Spotlight on Candace Beoku-Betts

Hello, I’m Candace.  I’m a doctor training in obstetrics and gynaecology in London, with a master’s in Global Health and development. I’m excited to be diving into the world of research. My topic of interest is looking at how aspirin could be used to prevent preeclampsia in Sierra Leone. The possibility of contributing to the massive effort to save the lives of Sierra Leonean mothers and babies is an incredible privilege.

Role in CRIBS

I am currently sharing a role with the wonderful Alice Hurrell, trying to fill the very big shoes of Alex Ridout as CRIBS coordinator while she is on maternity leave. We have a number of joint roles and responsibilities such as acting as liaisons between KCL, Welbodi Partnership, and USL. We are responsible for financial reporting to the NIHR and budget review, administration of key meetings, capacity-building work, and overall program coordination. I am currently working on developing activity plans for our district research officers, supervising research assistants, providing updates to the team, monitoring data quality, and temporarily filling in the role of project manager.

My CRIBS experience

My ultimate aspiration is to make a tangible difference in the lives of women, especially here in Sierra Leone, the country of my birth – where despite the recent progress, so many women and their babies continue to die unnecessarily. Being part of the phenomenal wider NIHR CRIBs team, surrounded by intelligent, creative, passionate, proactive, and all-around incredible individuals with the same goal, is an absolute honour. I really do feel like I am part of a team with a mission to change lives and empower women in such remarkable ways.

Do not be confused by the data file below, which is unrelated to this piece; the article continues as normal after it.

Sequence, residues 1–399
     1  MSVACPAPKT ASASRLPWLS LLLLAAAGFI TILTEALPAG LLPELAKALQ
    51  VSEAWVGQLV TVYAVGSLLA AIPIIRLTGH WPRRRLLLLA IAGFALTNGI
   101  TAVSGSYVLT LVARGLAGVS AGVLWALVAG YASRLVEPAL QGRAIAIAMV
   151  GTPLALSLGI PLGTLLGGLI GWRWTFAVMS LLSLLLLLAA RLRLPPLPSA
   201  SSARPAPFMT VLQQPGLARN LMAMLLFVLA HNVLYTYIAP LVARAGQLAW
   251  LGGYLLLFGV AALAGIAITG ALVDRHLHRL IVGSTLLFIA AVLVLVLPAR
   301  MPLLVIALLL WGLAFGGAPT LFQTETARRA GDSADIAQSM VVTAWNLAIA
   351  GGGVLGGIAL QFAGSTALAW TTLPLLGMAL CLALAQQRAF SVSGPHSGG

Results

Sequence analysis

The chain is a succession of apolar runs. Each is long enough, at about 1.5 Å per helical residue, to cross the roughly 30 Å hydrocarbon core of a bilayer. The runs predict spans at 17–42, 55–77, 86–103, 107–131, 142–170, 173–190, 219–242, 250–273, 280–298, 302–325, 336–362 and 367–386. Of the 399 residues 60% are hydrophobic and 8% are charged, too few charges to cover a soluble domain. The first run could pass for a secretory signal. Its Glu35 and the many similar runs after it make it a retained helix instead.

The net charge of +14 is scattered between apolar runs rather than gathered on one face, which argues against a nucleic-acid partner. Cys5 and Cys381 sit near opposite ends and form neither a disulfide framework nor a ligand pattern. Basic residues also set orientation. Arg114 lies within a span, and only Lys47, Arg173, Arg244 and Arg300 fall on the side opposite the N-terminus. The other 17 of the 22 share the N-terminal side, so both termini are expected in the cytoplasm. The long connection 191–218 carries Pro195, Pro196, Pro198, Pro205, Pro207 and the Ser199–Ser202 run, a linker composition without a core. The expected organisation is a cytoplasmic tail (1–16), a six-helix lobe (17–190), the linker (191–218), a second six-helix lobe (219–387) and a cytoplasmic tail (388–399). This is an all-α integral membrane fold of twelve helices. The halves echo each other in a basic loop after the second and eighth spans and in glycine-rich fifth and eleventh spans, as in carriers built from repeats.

During my interview, Prof Shennan posed a question: Where did I see myself at his age? Honestly, the nerves got the best of me, and my answer remains a blur. But one thing I know for certain is that I will always serve women. I hope to continue to look forward to working with the same level of excitement as I do since being here in Sierra Leone, despite the imposter syndrome battle. I know I will always gravitate to roles in which I am challenged in both research and obstetrics.

Something personal

Baking and rugby are my ultimate therapy sessions. There’s something magically joyous about the aroma of freshly baked bread. Then there is rugby: the adrenaline, camaraderie, and sheer excitement of the game, make it the perfect way to blow off some steam. Whilst I haven’t coached rugby in a while, seeing little ones gain friendships, confidence and resilience is so inspiring.

Children bring me immense joy, so much so I’ve become the go-to babysitter. It’s also meant that over the years, in addition to my wonderful niece and nephews, I’ve accumulated a delightful bunch of godchildren, whose laughter and adventures always make my day so much brighter.

Now, let’s talk about my latest adventure: running. Surrounded by KCL marathon runners, I’ve made it my personal goal to conquer the Makeni half marathon next year. By declaring it here, I’m putting myself under the ultimate pressure to make it happen. So, go ahead and ask me how my running is going—I’ll be grateful for the extra motivation!

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